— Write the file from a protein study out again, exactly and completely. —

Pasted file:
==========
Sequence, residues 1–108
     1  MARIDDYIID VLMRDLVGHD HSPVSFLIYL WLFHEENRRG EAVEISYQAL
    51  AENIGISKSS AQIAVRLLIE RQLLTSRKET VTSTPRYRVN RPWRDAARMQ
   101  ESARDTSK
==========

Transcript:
Sequence, residues 1–108
     1  MARIDDYIID VLMRDLVGHD HSPVSFLIYL WLFHEENRRG EAVEISYQAL
    51  AENIGISKSS AQIAVRLLIE RQLLTSRKET VTSTPRYRVN RPWRDAARMQ
   101  ESARDTSK